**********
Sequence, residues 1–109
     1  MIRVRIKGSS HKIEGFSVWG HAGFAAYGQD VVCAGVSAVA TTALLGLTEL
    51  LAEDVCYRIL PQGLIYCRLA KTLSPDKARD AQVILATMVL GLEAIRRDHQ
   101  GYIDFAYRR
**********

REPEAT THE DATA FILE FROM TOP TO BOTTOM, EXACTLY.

Sequence, residues 1–109
     1  MIRVRIKGSS HKIEGFSVWG HAGFAAYGQD VVCAGVSAVA TTALLGLTEL
    51  LAEDVCYRIL PQGLIYCRLA KTLSPDKARD AQVILATMVL GLEAIRRDHQ
   101  GYIDFAYRR